Among Germany’s top chefs Joachim Wissler is certainly unique. Regarded as one of the best chefs in the world he continues to push the frontier for new (and forgotten) ingredients, techniques and, most importantly, new and unique combinations of flavours. He is on the forefront of the development of a “New German Cuisine” in the last couple of years.
As part of the Grandhotel Schloss Bensberg in Bergisch-Gladbach near Cologne the Restaurant Vendôme is located in the small cavaliers’ house. It has been carefully renovated in 2007 to leave its Baroque and too overloaded interior behind. Now it better fits to the modern and refined cooking of Joachim Wissler. Interestingly, the whole team was involved in creating a truly harmonious, warm and also practical ambiance. Miguel Calero, the mâitre, told us that everything what’s needed (cutlery, napkins etc) is hidden somewhere except for the plates…
Joachim Wissler has one big advantage among the new generation of top German chefs as he didn’t have a big influential mentor. Thus, like Juan Amador, he was able to create his own distinct style over the years. Others, like Christian Bau, Klaus Erfort or Sven Elverfeld had first to emancipate themselves from Wohlfahrt or Müller.
Upon completion of his apprenticeship at the Traube Tonbach (Harald Wohlfahrt’s reign) he had several positions in Baden (although he is originally from Württemberg) before he became chef de cuisine at the restaurant Marcobrunn in Schloss Reinhartshasuen in the Rheingau in 1991. In 1995 the first star was awarded and in 1996 immediately the second. The Marcobrunn was the top location in the Rhine-Main region during this time.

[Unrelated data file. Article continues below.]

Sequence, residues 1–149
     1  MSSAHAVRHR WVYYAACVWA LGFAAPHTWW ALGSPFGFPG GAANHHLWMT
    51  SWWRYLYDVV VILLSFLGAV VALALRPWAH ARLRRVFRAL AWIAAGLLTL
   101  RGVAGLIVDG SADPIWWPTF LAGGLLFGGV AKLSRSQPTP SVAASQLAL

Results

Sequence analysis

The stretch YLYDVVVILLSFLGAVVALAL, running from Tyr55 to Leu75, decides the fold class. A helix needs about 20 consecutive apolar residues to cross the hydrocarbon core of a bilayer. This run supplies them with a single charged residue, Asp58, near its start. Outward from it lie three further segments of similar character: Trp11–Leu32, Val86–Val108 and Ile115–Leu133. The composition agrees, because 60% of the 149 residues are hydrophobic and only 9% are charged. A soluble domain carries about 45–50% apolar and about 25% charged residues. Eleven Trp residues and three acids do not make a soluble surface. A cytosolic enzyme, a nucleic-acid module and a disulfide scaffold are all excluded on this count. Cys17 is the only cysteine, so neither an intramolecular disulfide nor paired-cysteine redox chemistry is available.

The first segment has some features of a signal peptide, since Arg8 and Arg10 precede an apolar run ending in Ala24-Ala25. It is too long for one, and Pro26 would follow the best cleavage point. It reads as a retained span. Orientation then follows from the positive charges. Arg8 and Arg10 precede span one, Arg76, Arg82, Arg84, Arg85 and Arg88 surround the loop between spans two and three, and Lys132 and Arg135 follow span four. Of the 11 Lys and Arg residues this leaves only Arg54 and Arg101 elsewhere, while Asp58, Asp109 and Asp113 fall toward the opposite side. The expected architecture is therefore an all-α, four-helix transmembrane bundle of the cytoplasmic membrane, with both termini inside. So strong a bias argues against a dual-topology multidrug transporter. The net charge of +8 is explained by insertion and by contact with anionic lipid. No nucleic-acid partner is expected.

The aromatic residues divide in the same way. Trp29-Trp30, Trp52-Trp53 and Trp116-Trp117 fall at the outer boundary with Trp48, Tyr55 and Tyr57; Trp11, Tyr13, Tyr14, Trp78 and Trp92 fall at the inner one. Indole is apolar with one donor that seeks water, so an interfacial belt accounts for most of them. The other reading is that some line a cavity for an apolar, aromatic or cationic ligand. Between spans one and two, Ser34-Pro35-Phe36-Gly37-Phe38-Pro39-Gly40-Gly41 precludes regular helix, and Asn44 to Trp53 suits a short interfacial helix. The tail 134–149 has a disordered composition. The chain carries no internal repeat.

After Thomas Althoff opened the Grand Hotel Schloss Bensberg he managed to engage Wissler as chef de cuisine of the gourmet restaurant Vendôme in 2000. Then, things happened quickly – first star 2001, second 2003, third 2005 – together with a 19.5 in he Gault Millau Wissler is now ranked among the top chefs in Germany and Europe. This year he made highest new entry in the Pellegrino Top50 list and got a prestigious 9.0 rating in Lo Mejor.
Whereas his cooking in the first years at the Vendome was still rooted in the French Grand Cuisine using its traditional techniques and its ingredient protagonists Wissler slowly introduced more rustic and somehow forgotten local products on his menus. Pigs’ feet, mouth, calf’s head in various interpretations to name just a few. Moreover, he began using modern molecular techniques to bring these “new” products to new glory. This year then he decided to offer a more traditional menu with luxury products (7 courses for €185) and a modern menu with less luxurious but still outstanding products which is more attractive from a price perspective (7 courses for €140).
Our surprise menu was a perfect balanced cross-section of the current menus:
We started with eatable paper from pork jus, wild samlet with pumpkin and bisquit, rilettes from Tafelspitz with escabeche vegetables and a crustacean creme in a roll.
The eatable paper was surprising and presented pork jus in a very condensed and almost encapsulated way. Aromatic and an amazing starter to accompany our champagne.
The second part of the aperitif companions was more traditional and a very good preparation for the meal to come due to its saltiness (samlet), intensity (crustacean creme) and freshness (Tafelspitz/vegetables).
We thought that the next courses were part of the menu but the printed menu said Amuse Bouche. These three courses were so spectacular and mind-blowing that we were actually a little worried where this would take us. But, Joachim Wissler did it by purpose and clearly showed his immense potential in these quite experimental and new courses. This was a clear attention step in the presentation.
First amuse: Gillardeau oyster with green apple and Sauerkraut pearls. This had it all: an interplay of sweat and sour flavours, different textures and, most importantly, an astonishing combination of the ingredients. It clearly shows that Wissler is a master of pairing flowers. Outstanding!